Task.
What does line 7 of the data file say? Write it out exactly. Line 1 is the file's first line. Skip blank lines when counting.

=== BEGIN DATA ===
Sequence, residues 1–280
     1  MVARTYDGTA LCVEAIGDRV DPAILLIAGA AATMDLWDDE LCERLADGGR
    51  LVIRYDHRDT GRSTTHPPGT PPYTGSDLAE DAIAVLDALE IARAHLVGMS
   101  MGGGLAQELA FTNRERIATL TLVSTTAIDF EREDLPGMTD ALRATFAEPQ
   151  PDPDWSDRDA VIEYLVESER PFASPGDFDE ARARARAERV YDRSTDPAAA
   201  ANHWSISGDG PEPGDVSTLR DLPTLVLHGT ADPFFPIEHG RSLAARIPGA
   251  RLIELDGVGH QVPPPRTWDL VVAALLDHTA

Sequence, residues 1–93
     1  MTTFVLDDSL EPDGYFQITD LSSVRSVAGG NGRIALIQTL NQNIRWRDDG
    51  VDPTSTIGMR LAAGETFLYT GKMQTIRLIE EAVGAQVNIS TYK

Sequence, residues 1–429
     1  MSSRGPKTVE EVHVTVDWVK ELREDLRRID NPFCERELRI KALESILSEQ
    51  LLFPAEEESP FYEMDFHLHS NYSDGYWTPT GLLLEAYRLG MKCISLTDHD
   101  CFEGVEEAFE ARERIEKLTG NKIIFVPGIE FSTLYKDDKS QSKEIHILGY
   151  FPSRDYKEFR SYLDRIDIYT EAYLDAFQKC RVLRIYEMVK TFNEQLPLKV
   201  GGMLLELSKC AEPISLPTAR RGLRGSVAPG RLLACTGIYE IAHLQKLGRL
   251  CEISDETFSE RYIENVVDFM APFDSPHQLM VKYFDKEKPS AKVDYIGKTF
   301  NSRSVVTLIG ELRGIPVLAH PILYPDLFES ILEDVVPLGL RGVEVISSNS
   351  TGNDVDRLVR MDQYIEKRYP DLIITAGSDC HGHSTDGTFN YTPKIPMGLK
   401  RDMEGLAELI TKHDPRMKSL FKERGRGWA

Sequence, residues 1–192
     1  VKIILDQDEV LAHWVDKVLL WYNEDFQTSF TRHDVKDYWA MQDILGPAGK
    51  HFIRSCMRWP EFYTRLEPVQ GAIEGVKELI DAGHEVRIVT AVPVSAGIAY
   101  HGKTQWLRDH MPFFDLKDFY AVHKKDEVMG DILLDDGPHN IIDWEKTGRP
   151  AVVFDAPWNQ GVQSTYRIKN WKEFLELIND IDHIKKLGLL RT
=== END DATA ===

   251  RLIELDGVGH QVPPPRTWDL VVAALLDHTA